Eight years ago, on the night of Feb. 25, 1996, the world was shocked by the murder of Dr. Haing S. Ngor, the Oscar-winning Cambodian gynecologist who had survived four years of forced labor and starvation in the “killing fields” of his homeland, only to be killed in a botched robbery outside his apartment in Los Angeles. The multi-lingual Dr. Ngor had escaped from Cambodia to the refugee camps on the Thai-Cambodian border in 1979, made his way to America and, while working as an interpreter at the Chinatown Service Center in Los Angeles, was encouraged to audition for a role in Warner Bros.’ “The Killing Fields.” Although he had no training as an actor, Dr. Ngor’s natural and charismatic portrayal of fellow countryman and holocaust survivor Dith Pran won him the 1985 Academy Award and Golden Globe for Best Supporting Actor. He continued his acting career, became an American citizen, and wrote (with Roger Warner) a best-selling autobiography, “A Cambodian Odyssey.” He also established a nonprofit foundation in his own name to support various humanitarian causes.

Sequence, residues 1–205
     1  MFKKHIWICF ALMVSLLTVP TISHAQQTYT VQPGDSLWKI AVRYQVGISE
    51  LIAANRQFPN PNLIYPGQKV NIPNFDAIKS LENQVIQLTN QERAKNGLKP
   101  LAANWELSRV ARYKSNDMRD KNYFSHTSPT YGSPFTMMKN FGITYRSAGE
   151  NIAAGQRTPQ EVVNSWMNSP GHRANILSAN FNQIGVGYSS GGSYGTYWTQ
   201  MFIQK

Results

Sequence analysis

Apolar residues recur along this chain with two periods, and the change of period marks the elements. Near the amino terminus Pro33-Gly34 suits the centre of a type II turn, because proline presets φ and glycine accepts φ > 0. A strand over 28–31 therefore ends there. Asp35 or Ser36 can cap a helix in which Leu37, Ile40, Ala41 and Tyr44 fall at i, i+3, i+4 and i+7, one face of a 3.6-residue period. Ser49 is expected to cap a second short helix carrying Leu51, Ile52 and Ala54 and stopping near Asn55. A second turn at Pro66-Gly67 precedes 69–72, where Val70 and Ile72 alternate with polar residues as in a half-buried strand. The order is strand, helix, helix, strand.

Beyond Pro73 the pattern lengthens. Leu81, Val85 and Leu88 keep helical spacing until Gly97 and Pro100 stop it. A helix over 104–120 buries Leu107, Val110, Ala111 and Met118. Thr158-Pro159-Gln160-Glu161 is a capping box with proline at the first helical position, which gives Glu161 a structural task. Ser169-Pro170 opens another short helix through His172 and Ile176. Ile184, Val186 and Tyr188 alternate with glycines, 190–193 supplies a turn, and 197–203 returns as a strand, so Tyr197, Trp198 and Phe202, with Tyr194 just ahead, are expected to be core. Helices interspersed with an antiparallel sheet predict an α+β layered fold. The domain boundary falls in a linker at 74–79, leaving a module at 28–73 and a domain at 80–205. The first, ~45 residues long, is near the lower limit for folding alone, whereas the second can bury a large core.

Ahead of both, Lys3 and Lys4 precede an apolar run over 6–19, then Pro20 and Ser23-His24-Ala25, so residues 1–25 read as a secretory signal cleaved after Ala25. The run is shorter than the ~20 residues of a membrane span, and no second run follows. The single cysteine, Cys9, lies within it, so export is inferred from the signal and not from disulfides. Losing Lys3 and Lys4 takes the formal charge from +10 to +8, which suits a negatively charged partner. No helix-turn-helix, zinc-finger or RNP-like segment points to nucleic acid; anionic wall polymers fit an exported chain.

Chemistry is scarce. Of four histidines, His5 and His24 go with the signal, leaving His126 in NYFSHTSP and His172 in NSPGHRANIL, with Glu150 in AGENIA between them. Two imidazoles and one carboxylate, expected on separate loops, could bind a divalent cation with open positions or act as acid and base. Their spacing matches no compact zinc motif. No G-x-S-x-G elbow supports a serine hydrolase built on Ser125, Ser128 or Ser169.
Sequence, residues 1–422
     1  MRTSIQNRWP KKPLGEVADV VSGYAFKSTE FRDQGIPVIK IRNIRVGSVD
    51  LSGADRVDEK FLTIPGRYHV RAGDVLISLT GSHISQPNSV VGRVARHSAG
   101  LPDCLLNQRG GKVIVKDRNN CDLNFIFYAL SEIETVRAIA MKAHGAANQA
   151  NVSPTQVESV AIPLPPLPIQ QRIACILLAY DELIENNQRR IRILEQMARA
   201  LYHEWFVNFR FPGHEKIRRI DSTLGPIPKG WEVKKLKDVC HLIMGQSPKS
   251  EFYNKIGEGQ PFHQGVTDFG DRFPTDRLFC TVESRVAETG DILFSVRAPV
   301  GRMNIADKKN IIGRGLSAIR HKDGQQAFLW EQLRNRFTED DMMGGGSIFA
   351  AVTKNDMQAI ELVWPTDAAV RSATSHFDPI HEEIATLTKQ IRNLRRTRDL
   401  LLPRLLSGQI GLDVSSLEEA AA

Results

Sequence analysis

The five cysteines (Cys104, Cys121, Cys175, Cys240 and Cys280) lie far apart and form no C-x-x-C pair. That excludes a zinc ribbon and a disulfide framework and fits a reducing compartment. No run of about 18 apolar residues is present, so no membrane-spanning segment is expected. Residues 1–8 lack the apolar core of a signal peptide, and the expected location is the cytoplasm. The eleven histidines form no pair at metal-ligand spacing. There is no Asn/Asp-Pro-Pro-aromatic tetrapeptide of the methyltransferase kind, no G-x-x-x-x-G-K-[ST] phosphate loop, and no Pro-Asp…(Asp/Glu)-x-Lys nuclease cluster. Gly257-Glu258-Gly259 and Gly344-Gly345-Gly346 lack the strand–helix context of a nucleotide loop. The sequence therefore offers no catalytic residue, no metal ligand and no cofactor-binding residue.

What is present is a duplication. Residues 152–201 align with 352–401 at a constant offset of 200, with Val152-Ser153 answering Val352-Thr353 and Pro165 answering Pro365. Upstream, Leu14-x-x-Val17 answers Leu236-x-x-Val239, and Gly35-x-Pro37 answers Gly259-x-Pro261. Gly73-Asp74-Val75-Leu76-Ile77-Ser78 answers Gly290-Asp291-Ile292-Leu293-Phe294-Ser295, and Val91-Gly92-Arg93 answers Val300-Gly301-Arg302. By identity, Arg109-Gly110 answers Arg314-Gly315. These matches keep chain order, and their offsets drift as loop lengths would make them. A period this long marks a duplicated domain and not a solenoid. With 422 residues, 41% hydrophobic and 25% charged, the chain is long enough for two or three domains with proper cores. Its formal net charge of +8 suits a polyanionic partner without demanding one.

At the time of his death, The Dr. Haing S. Ngor Foundation had built a number of orphanages and schools in Cambodia, and provided medical supplies throughout Southeast Asia. On Feb. 25, 1996, Dr. Ngor was shot to death in the carport of his Los Angeles home. Three former gang members are currently serving prison sentences for the crime. A new edition of Dr. Ngor’s autobiography has just been published by Robinson division of London’s Constable & Robinson. Newly titled “Survival in the Killing Fields,” this edition includes an epilogue by Roger Warner, who updates Haing Ngor’s story from Oscar night to his murder. Warner covers the murder trial and provides an in-depth look at Dr. Ngor’s post-Oscar life in Hollywood as well as his controversial activities in Cambodia.